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At the Playground

I used to dread supervising family visits. Nothing about it is natural, everyone feels awkward, and I always knew no one wanted a social worker there. It is an inevitable part of my job, however, so I prepared myself to do it once again.


I knew pieces of this particular mother’s story, the part I read on paper anyway, so I already started stringing together preconceived notions of who she was.


That day I watched as she navigated the playground equipment, climbing, dodging, and squeezing through small spaces. She was determined to make it down that creaky blue slide as her child cheered her on from below. 




While they ate lunch, she showed me pictures of the room she was preparing for when her child returned. One of the pictures was a bedside mural she had hand-painted. She had obviously spent hours painting this mural of fish. With no detail left behind, she even included LED lights along the bottom that illuminated the fish swimming because her child was afraid of the dark.


I felt a tugging in my heart, my creator reminding me that this mother and I, well, we were far more alike than we were different: made in the image of God, loved by the Father, and doing our best to love our children.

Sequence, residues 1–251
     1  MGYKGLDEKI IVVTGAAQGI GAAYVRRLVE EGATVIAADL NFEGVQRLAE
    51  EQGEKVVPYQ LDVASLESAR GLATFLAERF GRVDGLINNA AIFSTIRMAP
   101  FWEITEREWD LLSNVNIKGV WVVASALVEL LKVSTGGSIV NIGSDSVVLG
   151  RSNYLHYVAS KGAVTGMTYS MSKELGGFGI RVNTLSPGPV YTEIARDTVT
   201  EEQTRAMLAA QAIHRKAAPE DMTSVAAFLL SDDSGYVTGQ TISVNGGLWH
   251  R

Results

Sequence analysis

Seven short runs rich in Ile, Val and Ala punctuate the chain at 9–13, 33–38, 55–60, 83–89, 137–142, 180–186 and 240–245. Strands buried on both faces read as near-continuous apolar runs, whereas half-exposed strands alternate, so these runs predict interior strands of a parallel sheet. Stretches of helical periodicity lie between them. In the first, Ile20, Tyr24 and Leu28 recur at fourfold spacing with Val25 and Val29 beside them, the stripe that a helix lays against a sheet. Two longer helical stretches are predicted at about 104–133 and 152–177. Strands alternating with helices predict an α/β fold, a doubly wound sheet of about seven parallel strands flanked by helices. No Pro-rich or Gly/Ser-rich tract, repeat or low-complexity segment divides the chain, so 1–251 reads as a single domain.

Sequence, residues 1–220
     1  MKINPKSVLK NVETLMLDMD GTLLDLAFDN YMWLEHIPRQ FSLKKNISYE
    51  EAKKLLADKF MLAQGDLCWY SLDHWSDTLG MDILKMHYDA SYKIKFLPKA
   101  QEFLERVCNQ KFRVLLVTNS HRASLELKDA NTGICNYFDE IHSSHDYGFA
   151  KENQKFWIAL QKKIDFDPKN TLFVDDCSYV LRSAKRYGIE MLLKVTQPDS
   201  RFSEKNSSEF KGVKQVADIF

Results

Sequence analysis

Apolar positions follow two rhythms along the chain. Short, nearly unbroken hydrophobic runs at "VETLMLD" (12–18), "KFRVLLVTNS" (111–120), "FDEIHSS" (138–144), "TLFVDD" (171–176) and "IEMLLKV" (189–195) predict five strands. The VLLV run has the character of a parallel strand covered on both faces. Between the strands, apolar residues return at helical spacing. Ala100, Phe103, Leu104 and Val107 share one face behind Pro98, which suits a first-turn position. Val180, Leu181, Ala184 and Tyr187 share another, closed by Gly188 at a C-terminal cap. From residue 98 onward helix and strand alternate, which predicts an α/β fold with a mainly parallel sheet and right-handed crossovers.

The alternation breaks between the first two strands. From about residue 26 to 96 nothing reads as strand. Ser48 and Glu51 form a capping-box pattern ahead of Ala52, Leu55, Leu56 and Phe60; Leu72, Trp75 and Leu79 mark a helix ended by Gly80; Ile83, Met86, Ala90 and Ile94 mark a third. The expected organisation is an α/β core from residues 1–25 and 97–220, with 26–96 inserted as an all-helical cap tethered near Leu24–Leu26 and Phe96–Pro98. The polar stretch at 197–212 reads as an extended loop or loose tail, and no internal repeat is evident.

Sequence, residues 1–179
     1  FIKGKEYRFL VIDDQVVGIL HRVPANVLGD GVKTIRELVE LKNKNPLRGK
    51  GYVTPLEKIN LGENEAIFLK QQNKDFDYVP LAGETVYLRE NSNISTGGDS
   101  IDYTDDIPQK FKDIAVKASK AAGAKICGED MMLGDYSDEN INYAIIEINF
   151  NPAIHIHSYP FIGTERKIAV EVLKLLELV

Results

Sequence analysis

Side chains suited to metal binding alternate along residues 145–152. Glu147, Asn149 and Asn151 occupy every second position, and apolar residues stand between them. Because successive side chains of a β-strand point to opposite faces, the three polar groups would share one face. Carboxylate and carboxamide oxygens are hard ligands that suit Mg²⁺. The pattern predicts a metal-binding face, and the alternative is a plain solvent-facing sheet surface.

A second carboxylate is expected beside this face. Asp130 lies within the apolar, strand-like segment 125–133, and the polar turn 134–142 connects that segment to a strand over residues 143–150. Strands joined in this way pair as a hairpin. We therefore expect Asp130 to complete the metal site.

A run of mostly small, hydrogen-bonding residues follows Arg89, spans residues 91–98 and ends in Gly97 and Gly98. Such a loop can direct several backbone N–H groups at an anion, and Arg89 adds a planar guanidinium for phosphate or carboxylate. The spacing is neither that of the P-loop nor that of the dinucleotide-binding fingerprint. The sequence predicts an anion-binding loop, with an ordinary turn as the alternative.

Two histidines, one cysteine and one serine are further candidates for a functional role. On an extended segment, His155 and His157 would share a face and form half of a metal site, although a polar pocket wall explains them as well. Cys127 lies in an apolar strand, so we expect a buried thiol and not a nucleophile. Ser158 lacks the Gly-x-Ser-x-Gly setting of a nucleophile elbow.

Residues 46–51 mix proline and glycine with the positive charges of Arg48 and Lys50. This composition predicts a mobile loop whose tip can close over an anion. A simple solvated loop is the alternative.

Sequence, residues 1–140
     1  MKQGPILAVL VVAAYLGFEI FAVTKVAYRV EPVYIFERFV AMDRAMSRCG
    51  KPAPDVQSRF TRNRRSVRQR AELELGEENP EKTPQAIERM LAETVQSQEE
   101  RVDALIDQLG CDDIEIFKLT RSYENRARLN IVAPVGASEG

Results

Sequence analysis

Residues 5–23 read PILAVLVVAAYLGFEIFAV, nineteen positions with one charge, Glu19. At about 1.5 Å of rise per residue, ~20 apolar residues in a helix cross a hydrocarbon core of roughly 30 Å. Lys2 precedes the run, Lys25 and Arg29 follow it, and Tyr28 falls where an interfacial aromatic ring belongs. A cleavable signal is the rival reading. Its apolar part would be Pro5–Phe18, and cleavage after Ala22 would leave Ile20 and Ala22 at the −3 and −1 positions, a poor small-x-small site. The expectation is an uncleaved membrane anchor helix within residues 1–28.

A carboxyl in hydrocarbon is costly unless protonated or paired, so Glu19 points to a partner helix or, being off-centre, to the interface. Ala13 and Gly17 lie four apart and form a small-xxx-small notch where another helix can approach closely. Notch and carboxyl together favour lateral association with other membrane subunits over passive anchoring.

In my profession, I get to witness some parents get their children back, and some who don’t. Some truly are capable, and some aren’t. Regardless, I'm learning to extend grace rather than pass judgements.


At the end of the visit, I got the opportunity to tell this mother that I was praying for her family to be restored. It was a beautiful interaction knitted together by the Holy Spirit. Today, I view supervising family visits as a privilege. They are a ministry opportunity, just as much for my own heart as the parents I get the privilege of knowing along the way.


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